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Ukraine marks 29 years since Chernobyl

View of Chernobyl power plant taken from the roof of a residential building in the abandoned city of Pripyat, Ukraine. Photo by Jason Minshull.

View of Chernobyl power plant taken from the roof of a residential building in the abandoned city of Pripyat, Ukraine. Photo by Jason Minshull.

Slavutych [AFP]

Ukrainians have marked 29 years since the Chernobyl nuclear disaster, laying wreaths and candles near the plant where work to lay a new seal over the reactor site has been delayed.

The explosion of reactor number four on April 26, 1986, spewed poisonous radiation over large parts of Europe, particularly Ukraine, Belarus and Russia.

At 1.23am, the exact time of the explosion, hundreds of people placed flowers and candles in the dark at the foot of a monument in Slavutych, a town 50km from the plant.

Slavutych was built to rehouse Chernobyl workers who had lived near the plant and were forced to move further away after the disaster.

At the site of the plant itself, about 100km from Kiev, Ukraine’s president Poroshenko laid a wreath on Sunday at a monument to the victims.

The human toll of the disaster is still disputed.

United Nations experts officially recognised 31 deaths among plant workers and firefighters directly linked to the blast.

But environmental group Greenpeace predicted that there would be some 100,000 additional cancer deaths caused by the disaster.

The Soviet authorities of the time dispatched hundreds of thousands of people without proper protection to put out the fire and clean the site.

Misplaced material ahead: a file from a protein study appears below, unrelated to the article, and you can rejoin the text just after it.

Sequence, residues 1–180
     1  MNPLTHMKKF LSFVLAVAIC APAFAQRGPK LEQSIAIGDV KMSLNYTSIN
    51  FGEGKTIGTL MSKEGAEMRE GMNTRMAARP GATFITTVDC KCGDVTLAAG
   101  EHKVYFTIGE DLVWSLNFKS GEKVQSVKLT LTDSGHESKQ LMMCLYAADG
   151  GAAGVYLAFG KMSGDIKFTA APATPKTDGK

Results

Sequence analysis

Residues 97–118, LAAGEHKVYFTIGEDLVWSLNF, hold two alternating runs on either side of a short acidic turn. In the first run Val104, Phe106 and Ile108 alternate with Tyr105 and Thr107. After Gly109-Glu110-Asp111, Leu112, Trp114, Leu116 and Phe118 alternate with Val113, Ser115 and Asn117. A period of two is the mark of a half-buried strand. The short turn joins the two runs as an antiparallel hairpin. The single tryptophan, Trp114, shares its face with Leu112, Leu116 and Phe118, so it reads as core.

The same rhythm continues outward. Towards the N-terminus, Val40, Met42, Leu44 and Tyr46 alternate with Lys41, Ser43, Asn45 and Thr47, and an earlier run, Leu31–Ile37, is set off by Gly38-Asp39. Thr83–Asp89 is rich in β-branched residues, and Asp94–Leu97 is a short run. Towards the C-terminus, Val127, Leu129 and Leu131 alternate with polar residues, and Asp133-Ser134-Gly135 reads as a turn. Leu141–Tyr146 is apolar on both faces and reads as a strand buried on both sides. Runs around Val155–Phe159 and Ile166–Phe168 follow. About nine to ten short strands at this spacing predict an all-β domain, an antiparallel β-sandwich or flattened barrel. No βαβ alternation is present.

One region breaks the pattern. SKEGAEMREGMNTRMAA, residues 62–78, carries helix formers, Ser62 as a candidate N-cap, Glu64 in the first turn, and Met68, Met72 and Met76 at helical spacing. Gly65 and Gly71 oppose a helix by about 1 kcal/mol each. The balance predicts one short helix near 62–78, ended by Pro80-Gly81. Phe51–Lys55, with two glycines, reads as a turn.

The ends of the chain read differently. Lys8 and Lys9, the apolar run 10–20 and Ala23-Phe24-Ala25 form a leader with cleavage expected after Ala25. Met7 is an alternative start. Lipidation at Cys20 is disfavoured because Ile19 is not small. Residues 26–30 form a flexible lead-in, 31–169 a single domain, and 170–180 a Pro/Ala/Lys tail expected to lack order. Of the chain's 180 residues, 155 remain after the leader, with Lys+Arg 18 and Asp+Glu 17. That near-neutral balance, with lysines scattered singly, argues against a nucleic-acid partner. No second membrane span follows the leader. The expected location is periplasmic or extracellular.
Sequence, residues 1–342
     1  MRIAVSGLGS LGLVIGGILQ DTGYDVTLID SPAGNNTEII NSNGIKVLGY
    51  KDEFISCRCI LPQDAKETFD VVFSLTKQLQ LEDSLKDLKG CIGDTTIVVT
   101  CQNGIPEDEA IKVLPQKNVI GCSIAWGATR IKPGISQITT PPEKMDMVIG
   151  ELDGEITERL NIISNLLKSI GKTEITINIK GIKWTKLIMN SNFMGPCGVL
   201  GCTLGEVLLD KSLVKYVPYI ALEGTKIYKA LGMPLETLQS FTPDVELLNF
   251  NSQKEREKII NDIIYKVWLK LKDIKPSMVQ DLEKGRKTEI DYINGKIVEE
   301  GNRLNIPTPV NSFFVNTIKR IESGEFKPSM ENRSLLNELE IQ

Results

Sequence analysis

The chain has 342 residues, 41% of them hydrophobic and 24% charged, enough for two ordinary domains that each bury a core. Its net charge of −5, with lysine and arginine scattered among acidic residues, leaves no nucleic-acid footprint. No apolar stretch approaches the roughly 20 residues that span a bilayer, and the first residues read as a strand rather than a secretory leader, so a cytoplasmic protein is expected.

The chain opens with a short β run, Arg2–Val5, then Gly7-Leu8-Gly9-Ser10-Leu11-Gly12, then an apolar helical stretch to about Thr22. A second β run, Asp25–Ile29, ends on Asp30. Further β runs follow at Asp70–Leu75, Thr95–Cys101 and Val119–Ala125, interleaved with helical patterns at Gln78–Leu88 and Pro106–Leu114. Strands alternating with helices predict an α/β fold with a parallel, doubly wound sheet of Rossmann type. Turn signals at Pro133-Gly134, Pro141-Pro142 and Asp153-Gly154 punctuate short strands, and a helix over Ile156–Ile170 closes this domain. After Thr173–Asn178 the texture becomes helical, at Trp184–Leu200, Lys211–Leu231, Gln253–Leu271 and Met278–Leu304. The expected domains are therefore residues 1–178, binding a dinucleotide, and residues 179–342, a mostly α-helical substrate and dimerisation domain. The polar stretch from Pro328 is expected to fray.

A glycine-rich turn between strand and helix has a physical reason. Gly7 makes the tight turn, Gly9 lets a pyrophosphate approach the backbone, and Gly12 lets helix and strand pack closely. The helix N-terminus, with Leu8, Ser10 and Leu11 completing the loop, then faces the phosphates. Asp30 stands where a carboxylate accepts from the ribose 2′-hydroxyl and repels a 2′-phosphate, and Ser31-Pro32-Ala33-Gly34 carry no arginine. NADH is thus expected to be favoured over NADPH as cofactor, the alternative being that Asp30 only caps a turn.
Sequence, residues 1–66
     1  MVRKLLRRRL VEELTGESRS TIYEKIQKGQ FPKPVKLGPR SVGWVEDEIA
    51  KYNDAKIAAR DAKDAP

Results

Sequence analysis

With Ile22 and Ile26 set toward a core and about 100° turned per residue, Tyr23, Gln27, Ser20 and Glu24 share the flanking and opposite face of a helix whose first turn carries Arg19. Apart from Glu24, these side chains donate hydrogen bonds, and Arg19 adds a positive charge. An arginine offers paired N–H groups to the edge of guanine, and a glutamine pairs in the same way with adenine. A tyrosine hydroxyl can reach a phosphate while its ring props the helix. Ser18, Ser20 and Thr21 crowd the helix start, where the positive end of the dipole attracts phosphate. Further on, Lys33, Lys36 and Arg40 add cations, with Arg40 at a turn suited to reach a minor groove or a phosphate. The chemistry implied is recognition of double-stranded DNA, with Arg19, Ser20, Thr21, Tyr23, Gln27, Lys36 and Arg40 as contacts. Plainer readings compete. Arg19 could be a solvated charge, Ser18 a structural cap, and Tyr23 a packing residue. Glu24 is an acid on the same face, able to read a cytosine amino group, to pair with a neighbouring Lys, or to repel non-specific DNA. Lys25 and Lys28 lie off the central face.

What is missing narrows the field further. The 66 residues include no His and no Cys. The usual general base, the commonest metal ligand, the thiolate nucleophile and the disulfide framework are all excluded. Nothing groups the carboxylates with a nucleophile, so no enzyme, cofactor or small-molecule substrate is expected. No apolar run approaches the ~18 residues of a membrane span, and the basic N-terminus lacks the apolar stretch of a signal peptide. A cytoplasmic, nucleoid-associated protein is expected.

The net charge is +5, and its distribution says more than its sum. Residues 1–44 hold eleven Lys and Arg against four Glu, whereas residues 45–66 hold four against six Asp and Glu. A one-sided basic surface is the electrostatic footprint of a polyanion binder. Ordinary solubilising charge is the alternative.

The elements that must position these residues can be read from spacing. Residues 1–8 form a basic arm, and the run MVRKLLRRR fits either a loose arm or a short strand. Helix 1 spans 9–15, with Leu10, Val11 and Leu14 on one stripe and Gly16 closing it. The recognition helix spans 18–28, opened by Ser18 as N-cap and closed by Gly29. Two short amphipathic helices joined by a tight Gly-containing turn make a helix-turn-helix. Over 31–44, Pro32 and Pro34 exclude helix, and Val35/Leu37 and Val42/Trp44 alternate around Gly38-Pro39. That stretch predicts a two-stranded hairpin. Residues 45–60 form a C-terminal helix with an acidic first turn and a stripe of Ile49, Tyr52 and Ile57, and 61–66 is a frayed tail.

They hastily laid over the reactor site a concrete cover dubbed ‘the sarcophagus’, which is now cracking and must be replaced.

Poroshenko on Sunday inspected ongoing work to lay a new 20,000-tonne steel cover – a project estimated to cost more than two billion euros ($A2.8 billion).


One response to “Ukraine marks 29 years since Chernobyl”

  1. Ken says:

    Good news !
    And in another couple of hundred thousand years ,or so, Europe may be safe from most of the fallout that was spread widely at the time of the meltdown, and has continued to leak since.
    Luckier still, the worst of the fallout from fukushima merely contaminated the entire Pacific Ocean, and until the next European disaster, the world can look forward to a relatively safe Europe in approximately a quarter of a million years.
    They may be half-lives in terms of radio isotopes but in human terms we just don’t have the time to cope with these ‘accidents’.
    G”)

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